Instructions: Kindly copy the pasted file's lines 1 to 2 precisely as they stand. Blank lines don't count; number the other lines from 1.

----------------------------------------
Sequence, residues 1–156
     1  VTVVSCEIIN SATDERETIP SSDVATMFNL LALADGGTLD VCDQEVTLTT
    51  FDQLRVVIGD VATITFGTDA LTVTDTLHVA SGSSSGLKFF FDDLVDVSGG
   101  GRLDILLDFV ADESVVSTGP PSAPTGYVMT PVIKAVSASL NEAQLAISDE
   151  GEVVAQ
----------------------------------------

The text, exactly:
Sequence, residues 1–156
     1  VTVVSCEIIN SATDERETIP SSDVATMFNL LALADGGTLD VCDQEVTLTT